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Lap 6 was no better. Surprisingly (not) it was still very hot, I was still working hard for a relatively mediocre pace, my left knee still hurt – especially on the up hills, my quads were also feeling the effort on the up hills too, I was still feeling nauseous, and I took my first and only salt bomb of the day after feeling my calve muscles beginning to cramp up. The salt bomb done the trick though and the cramp disappeared very quickly never to be seen again (that is not until my next long run I’m sure). But I felt good. I was safe in the knowledge that this would be my last lap of the day and that made the lap all the more manageable.

So I made it back to my car after a total of 8 hrs 4 mins, 6 laps, and an elevation gain of 2,898 ft.

I think that had I more laps to do then I may be better served if I take slightly longer pit stops. Nothing astronomical – just perhaps an extra 5 mins or so each stop. 🙂

Like a line from The A Team

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Anyone who has only even loosely been following my training will know that the consistency/frequency of my running could only be described as sporadic at best. There are many legitimate reasons for this, but rather roll out a long list of my personal mishaps and commitments, it is suffice to say I will wrap them all up under the one heading of Life. And Life does have the nastiest habit of jumping out in front of us and scuppering the best laid plans of any of us.

This penchant for Life to get in the way has left me feeling that my long runs are nowhere near where I believe they should be at this point. When I think of how long my long runs should be – then my  “time on feet” is lacking somewhat I feel. To date this year my longest run in mileage was 50k and the longest time  I have spent on a single run is 6 hrs 40 mins. And they were both  way back in early March on the Imber Ultra. Since then I have managed a few runs of between 3 and 4 hours, but when I consider that Chapter 2 is now only a matter of 2 months away, then 3-4 hours now, this close to the event, just doesn’t cut the mustard I’m afraid!

So rather than go daft and attempt to build up my long runs by hugely increasing the hours of them (that won’t work – overtraining and injury can be the only result in that situation) – I have set myself “target” runs. I have calendered 4  specific runs over the next 7 weeks, each with an increase in hours than it’s predecessor. This will allow me to build my “time on feet” up to 12 hours, and affording a 2 week taper period prior to Chapter 2 commencing.

As Col John “Hannibal” Smith would say – “I love it when a plan comes together” 🙂

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Shorter than expected

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Today’s run was a bit like when you meet Tom Cruise in the flesh –  a bit shorter than expected.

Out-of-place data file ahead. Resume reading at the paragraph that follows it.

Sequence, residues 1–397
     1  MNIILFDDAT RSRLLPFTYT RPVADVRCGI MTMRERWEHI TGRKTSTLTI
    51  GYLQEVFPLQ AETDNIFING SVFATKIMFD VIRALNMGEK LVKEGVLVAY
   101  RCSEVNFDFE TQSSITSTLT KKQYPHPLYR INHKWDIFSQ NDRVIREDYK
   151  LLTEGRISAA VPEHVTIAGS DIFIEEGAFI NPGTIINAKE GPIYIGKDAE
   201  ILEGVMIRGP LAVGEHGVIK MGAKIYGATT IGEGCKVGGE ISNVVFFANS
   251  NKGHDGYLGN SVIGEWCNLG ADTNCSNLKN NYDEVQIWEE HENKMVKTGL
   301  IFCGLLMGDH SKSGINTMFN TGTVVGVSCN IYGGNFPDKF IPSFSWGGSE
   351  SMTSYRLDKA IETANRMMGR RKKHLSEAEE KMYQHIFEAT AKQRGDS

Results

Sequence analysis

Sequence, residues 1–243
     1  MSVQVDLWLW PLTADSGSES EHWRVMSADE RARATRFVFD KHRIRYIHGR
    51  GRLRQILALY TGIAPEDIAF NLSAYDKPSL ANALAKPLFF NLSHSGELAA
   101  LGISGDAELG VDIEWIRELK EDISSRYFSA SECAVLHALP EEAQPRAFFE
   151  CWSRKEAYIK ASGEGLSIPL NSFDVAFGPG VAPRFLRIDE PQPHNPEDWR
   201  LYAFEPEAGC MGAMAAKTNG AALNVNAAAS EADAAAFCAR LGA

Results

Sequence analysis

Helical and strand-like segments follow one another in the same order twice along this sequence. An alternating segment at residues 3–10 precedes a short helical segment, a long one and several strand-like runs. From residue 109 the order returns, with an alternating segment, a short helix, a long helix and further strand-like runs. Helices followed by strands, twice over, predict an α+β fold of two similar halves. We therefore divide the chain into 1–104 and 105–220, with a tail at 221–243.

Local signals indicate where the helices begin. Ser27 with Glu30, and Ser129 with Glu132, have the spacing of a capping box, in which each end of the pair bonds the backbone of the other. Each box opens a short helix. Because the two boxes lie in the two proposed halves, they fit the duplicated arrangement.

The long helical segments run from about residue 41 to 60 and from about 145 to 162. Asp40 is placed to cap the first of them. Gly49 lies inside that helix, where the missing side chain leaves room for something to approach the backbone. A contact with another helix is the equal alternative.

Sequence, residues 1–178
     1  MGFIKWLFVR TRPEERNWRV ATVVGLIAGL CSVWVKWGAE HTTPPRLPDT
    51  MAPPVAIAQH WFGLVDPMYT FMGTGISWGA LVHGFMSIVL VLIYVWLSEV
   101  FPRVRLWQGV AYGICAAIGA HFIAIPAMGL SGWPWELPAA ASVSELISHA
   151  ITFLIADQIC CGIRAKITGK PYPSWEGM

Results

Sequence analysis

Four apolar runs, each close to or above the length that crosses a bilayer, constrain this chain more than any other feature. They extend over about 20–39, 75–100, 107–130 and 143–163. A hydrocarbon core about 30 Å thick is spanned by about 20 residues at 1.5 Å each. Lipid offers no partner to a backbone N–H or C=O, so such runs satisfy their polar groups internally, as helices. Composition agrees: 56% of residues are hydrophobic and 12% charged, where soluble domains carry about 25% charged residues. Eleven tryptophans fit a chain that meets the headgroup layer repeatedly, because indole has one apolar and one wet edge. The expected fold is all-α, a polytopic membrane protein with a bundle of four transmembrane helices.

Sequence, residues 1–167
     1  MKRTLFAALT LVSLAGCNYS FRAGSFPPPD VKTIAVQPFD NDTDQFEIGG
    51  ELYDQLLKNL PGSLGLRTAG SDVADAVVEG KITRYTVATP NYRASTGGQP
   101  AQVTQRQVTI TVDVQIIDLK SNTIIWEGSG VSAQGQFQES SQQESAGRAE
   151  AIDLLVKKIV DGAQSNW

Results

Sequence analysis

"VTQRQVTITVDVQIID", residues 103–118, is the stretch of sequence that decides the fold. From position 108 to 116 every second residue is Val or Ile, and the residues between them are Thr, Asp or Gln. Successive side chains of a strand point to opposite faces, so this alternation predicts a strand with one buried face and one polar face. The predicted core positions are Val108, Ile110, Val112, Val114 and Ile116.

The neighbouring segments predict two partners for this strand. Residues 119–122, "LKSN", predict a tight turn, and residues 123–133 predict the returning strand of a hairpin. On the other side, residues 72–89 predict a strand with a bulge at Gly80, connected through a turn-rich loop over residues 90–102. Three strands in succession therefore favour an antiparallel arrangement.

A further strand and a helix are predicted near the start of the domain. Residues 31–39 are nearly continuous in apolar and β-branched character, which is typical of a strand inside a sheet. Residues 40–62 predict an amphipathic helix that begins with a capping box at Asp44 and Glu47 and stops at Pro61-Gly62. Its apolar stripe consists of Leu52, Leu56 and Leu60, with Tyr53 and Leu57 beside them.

My aim for today was to have “time on my feet” with a bit of elevation for good measure. So I had planned to do nothing more than a long slow hill session up and down my favourite hill for between 4 and 5 hours.That didn’t happen though. From the moment I set off I felt lethargic and sluggish. Now, any of us who run know that we can, more often or not, push past this point and start to feel good again. So I kept on going.

After an hour I still had no sign that a purple patch was awaiting me any time soon and I continued to struggle somewhat. The walking up hill bits, whilst still being methodical were also very laboured as well. The running downhill bits offered no respite as I never quite gained any comfortable momentum.

After 2 hours nothing had improved. The entire session to this point had just felt awkward and uncomfortable with each and every step. I took stock and made the decision that as this was only a training run that I would call it a day there. I was not willing to push myself and risk jeopardising the training runs that I have planned for around the corner. So after only at least half of my original intended “time on my feet”  I had completed 5 reps which equals an overall total climb of 3,090 feet.

So I came home, drank coffee, and blogged instead 🙂

Thunder, rain, lightning, and planting seeds

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Friday 03 July.

The storm was predicted. It did not come out of nowhere, unannounced, to take all of us weather obsessed Brits by surprise. It was expected. Neither should the ferocity of it have taken me by surprise either. However I was not safely tucked up bed, listening to the rain lash against the window and the loud claps of thunder interspersed with bright flashes of lightening. I was outside in it (now that’s an oxymoron)-  but it did!

I had a relatively busy day on Fri, which was no bigee or precursor to not running that night. In fact when considering that my intention and aim is to run for 24 hrs, then running at the end of the day, and into the night when I am already tired is a bit of a must do really. So I set my stall out early in the day with the plan of runnning that night. I paid a visit to the hospital to see my new born second grandson in the afternoon, and then almost immediately upon returning home, I set off again to watch my stepson play in a football tournament. By the time I eventually made it home again it was close to 9pm.